Full Transcripts Available of Donald Trump’s TIME Interviews

Read our full cover story on Donald Trump . You can also read the transcript of the interviews and a full fact check .

Former President Donald Trump sat down for a with TIME at his Mar-a-Lago Club in Palm Beach, Fla., on April 12, and a follow-up conversation by phone on April 27.

Over the course of the interviews, Trump discussed his agenda for a second term, which includes, cutting the U.S. civil service, and intervening more directly in Justice Department prosecutions than his predecessors. He also discussed his thinking on other issues, including abortion, crime, trade, Ukraine, Israel, and the prospects for political violence in this election cycle.

Below is a transcript, lightly edited for clarity, of the interviews between Trump and TIME National Politics Reporter Eric Cortellessa. Click to read our fact-check.

Let’s start with Day One: January 20, 2025. You have said that you will take a suite of aggressive actions on the border and on immigration—

Donald Trump: Yes.

You have vowed to—

Trump: And on energy.

Yes, yes. And we’ll come to that, certainly. You have vowed to launch the largest deportation operation in American history. Your advisors say that includes—

Trump: Because we have no choice. I don’t believe this is sustainable for a country, what’s happening to us, with probably by the time Biden’s out. Twenty million people, many of them from jails, many of them from prisons, many of them from mental institutions. I mean, you see what’s going on in Venezuela and other countries. They’re becoming a lot safer.

Well, let’s just talk—so you have said you’re gonna do this massive deportation operation. I want to know specifically how you plan to do that.

Trump: So if you look back into the 1950s, Dwight Eisenhower, he’s not known for that, you know, you don’t think of him that way. Because you see, Ike, but Dwight Eisenhower was very big on illegal immigration not coming into our country. And he did a massive deportation of people. He was doing it for a long time. He got very proficient at it. He was bringing them just to the other side of the border. And they would be back in the country within a matter of days. And then he started bringing them 3,000 miles away—

What’s your plan, sir?

Trump: We will be using local law enforcement. And we will absolutely start with the criminals that are coming in. And they’re coming in in numbers that we’ve never seen before. And we do have a new category of crime. It’s called migrant crime. It’s, ugh, you see it all the time. You see it in New York City where they’re having fistfights with police. And far worse than that. You see it all the time. And you’re seeing it in all of the cities, especially the Democratic-run cities, which is a lot of the big ones, but you’re seeing it in Chicago, you’re seeing it in New York and L.A. and getting worse than in other places.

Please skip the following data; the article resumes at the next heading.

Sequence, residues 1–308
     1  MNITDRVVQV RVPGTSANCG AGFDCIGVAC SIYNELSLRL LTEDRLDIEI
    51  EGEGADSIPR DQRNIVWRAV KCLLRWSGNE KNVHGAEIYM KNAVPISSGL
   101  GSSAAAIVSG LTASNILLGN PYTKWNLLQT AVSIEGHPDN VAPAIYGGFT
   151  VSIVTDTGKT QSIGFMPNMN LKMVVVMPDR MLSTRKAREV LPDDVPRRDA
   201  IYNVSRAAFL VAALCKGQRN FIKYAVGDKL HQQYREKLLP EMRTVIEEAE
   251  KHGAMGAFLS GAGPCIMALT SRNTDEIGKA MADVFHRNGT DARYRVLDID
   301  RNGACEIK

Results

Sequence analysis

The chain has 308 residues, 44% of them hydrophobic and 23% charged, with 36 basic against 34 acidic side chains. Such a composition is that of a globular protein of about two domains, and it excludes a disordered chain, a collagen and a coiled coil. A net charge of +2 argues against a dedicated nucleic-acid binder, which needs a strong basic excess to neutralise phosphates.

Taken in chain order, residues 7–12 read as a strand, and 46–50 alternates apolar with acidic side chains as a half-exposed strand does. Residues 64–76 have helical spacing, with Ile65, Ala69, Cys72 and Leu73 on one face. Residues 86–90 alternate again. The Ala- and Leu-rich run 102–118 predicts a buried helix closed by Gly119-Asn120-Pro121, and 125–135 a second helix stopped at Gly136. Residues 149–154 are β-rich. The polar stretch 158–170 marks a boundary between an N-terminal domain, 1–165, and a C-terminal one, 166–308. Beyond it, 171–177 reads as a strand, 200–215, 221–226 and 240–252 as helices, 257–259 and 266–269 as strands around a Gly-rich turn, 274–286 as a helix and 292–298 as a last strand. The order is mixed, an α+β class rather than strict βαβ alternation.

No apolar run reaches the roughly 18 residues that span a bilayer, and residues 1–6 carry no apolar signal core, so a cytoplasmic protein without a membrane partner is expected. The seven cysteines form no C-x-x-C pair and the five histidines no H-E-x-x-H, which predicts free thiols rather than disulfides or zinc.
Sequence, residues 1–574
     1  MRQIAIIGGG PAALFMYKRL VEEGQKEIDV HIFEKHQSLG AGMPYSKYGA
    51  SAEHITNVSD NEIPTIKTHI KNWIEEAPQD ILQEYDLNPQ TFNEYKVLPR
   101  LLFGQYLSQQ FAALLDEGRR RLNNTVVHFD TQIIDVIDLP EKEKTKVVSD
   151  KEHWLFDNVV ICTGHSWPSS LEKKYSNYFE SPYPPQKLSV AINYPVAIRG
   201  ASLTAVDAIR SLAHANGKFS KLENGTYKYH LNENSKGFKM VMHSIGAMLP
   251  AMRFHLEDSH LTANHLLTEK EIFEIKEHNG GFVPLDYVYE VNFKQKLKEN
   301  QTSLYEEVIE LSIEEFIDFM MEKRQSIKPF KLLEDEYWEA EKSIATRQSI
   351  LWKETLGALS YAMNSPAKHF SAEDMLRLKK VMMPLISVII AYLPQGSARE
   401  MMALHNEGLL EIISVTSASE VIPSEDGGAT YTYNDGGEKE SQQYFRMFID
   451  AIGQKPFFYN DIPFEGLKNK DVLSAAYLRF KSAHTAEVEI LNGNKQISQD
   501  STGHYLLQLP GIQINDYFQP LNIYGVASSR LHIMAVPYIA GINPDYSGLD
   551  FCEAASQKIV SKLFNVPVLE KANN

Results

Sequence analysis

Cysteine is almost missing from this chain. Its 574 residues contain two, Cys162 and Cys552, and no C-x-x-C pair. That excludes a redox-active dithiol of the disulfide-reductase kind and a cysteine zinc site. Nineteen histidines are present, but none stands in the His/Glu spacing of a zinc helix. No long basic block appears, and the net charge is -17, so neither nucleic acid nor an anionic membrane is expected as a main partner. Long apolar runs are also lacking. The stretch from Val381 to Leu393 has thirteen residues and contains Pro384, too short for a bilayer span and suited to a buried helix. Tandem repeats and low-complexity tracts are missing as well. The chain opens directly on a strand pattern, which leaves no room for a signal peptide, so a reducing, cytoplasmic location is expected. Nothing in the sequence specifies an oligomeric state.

Does that include using the U.S. military?

Trump: It would. When we talk military, generally speaking, I talk National Guard. I’ve used the National Guard in Minneapolis. And if I didn’t use it, I don’t think you’d have Minneapolis standing right now, because it was really bad. But I think in terms of the National Guard. But if I thought things were getting out of control, I would have no problem using the military, per se. We have to have safety in our country. We have to have law and order in our country. And whichever gets us there, but I think the National Guard will do the job. You know, had Nancy Pelosi used the National Guard. You know, I offered them whatever they wanted, but I often—

You would use the military inland as well as at the border?

Trump: I don’t think I’d have to do that. I think the National Guard would be able to do that. If they weren’t able to, then I’d use the military. You know, we have a different situation. We have millions of people now that we didn’t have two years ago.